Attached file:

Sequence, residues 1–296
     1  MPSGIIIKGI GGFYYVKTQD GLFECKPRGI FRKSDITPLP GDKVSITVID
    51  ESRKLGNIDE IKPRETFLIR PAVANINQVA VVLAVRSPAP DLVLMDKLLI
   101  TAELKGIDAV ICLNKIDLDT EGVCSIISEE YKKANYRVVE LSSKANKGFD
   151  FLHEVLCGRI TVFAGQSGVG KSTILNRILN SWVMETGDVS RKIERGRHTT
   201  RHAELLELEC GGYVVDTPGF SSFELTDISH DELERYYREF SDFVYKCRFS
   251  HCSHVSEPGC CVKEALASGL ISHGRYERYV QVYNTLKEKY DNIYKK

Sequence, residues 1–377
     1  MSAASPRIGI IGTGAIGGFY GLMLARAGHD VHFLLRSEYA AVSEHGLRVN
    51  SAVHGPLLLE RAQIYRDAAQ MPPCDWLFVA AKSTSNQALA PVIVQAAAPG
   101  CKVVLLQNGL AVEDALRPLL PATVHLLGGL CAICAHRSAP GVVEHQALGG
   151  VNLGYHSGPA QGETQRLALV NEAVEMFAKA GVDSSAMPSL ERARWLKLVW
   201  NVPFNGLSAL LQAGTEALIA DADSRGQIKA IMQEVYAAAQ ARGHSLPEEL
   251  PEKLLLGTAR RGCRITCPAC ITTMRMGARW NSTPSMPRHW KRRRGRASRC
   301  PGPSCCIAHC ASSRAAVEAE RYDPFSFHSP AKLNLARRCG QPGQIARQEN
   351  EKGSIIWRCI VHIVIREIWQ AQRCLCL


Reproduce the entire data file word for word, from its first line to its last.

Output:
Sequence, residues 1–296
     1  MPSGIIIKGI GGFYYVKTQD GLFECKPRGI FRKSDITPLP GDKVSITVID
    51  ESRKLGNIDE IKPRETFLIR PAVANINQVA VVLAVRSPAP DLVLMDKLLI
   101  TAELKGIDAV ICLNKIDLDT EGVCSIISEE YKKANYRVVE LSSKANKGFD
   151  FLHEVLCGRI TVFAGQSGVG KSTILNRILN SWVMETGDVS RKIERGRHTT
   201  RHAELLELEC GGYVVDTPGF SSFELTDISH DELERYYREF SDFVYKCRFS
   251  HCSHVSEPGC CVKEALASGL ISHGRYERYV QVYNTLKEKY DNIYKK

Sequence, residues 1–377
     1  MSAASPRIGI IGTGAIGGFY GLMLARAGHD VHFLLRSEYA AVSEHGLRVN
    51  SAVHGPLLLE RAQIYRDAAQ MPPCDWLFVA AKSTSNQALA PVIVQAAAPG
   101  CKVVLLQNGL AVEDALRPLL PATVHLLGGL CAICAHRSAP GVVEHQALGG
   151  VNLGYHSGPA QGETQRLALV NEAVEMFAKA GVDSSAMPSL ERARWLKLVW
   201  NVPFNGLSAL LQAGTEALIA DADSRGQIKA IMQEVYAAAQ ARGHSLPEEL
   251  PEKLLLGTAR RGCRITCPAC ITTMRMGARW NSTPSMPRHW KRRRGRASRC
   301  PGPSCCIAHC ASSRAAVEAE RYDPFSFHSP AKLNLARRCG QPGQIARQEN
   351  EKGSIIWRCI VHIVIREIWQ AQRCLCL